VEECO Moderator: Debra Wasser 07-12-02/9:00 am CT Confirmation # 491789 Page 16 We will have the margin benefit of increases metrology sales in the fastest growing segment of semiconductor equipment, 3D metrology. We will be accretive to year 2003 pro forma street consensus with a very strong balance sheet to finance future growth. Our products of the combined companies are indeed complementary and serve all of our core growth markets. We will see improved profitability through cost synergies and increased margin. As Vahe and I have commented, we will double our individual company sales and more than double our profitability. And our combined companies have senior management strength and a record of revenue and profit growth achievement. Vahe and I are very excited to have this opportunity together to create a new significantly larger worldwide equipment company, Veeco FEI. Operator, we would be pleased to take questions. Operator: Thank you. Our question and answer session will be conducted electronically. Anyone wishing to ask a question may do so by simply pressing the star key followed by the digit 1 on your touch-tone telephone. We'll take your questions in the order that you signal us. And we'll take as many questions as time permits. Once again, if you would like to ask a question, you may do so by pressing star 1 now. And we'll go first Chip Lontai with Bear Stearns. (Robert): Hello? Do you hear me?

VEECO Moderator: Debra Wasser 07-12-02/9:00 am CT Confirmation # 491789 Page 17

Ed Braun: Yes, we do. Vahe Sarkissian: Yes, we do. (Robert): Hi. It's (Robert). Sorry. Congratulations on a nice merger. Could you give us a little more detail as to - I realize it's early. But in terms of SG&A, I heard Jack's comments. But what sort of target reduction are you looking for? And what - you know, give us some idea of some of the synergies you're looking at doing and what would be moved around. Vahe Sarkissian: First, let me comment on - both of us I think will answer this. (Robert), the synergies of $8 to $10 million that we spoke of come largely from SG&A in Phase 1 of the integration. And there will be additional savings from better material supplier management and later on from examining the opportunity to consolidate sites. (Robert): Okay. In terms of products going forward, have there been any requests from customers on either the Veeco side or the FEI side to get together or to work collaboratively on projects? And what sort of - without getting into specifics, any sort of broad directions that you can talk about that would work appropriately? (Crosstalk) Vahe Sarkissian: We both can answer that question. And the answer is both implied and explicit - yes. In the data storage market, for instance, we very much complement each other. And the higher degree of coupling and collaboration in terms of manufacturing equipment and the 3D metrology that we provide will close the loop and give a significant time to data and efficiency improvements in that market segment. And there's also new applications that drive the processing metrology to become closer. There's a clear and unambiguous benefit there.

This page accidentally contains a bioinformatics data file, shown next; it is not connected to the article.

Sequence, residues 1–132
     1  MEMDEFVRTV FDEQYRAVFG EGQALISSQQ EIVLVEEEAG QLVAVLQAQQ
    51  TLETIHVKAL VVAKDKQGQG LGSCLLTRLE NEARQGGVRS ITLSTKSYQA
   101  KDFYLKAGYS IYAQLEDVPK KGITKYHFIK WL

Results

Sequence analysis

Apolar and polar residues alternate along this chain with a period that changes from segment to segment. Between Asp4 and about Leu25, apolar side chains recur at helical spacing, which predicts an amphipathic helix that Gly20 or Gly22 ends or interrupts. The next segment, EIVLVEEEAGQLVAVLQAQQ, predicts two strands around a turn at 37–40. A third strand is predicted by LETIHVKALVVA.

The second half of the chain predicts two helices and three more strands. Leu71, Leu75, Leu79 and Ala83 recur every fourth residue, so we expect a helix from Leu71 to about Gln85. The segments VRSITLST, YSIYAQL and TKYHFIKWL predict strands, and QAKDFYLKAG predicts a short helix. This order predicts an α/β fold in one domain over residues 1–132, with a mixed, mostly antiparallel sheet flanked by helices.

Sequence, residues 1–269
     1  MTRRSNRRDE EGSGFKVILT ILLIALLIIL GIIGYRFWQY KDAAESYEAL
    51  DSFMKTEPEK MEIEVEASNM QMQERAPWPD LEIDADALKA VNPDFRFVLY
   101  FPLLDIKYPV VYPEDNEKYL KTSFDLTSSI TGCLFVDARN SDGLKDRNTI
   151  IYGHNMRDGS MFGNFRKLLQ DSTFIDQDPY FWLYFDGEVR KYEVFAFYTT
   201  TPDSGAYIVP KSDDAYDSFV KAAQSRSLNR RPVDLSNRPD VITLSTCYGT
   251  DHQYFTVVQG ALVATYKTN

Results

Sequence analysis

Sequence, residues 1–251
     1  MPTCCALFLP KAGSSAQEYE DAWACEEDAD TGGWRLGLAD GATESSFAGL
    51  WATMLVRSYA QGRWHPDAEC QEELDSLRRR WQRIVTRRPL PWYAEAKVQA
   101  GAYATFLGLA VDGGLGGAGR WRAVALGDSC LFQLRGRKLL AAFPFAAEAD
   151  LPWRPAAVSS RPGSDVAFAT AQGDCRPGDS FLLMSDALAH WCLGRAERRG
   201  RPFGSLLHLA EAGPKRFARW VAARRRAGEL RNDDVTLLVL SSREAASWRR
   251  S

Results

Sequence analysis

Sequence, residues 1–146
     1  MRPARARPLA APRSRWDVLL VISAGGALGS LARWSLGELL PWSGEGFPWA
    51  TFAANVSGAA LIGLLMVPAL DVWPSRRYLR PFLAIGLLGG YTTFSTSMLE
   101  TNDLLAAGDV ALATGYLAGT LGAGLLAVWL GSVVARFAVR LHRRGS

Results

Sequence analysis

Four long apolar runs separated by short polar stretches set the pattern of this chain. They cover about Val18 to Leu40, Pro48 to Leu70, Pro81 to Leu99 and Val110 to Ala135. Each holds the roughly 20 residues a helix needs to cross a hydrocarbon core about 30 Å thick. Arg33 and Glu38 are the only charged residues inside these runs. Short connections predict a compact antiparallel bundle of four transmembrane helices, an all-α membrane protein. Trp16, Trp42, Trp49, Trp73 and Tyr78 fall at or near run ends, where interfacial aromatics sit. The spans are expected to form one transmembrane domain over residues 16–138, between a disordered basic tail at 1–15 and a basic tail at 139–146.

VEECO Moderator: Debra Wasser 07-12-02/9:00 am CT Confirmation # 491789 Page 18 In the semiconductor arena, as we stated, surface and subsurface metrology combination is extremely important in making the metrology space even stronger and quicker time to data. And the ability to provide the optimal solution for the customers is going to be very important. If we take a look at the laboratory market and research in industry, we see significant coupling between the optical metrology that Veeco provides coupled with our environmental (sem) technology, which is the next generation as the dimension shrinks. So there's a lot of continuity both in terms of current applications and road maps going forward in all of the markets that we serve. Ed Braun: (Robert), the complementary nature in metrology is very powerful and very obvious. But in further answer to your question, in the last couple of months for the first time - we've never competed before. But in the last couple of months, we've seen opportunities where both companies have received (RRQs) in the process arena where people - and this is I think in no one's model, including our own, but an opportunity in answer to your question. If you look at Veeco as a broad beam ion beam supplier for process and you look at FEI as a narrow focused beam, it becomes apparent that between those two end conditions there indeed could be a variable beam product that is a piece of process equipment. And we have begun to see very early indicators that that has interest in data storage and in semiconductor. And that's not in any models.
(Robert): Ed Braun: Okay. Okay, very good. Thank you.

Thank you, (Robert).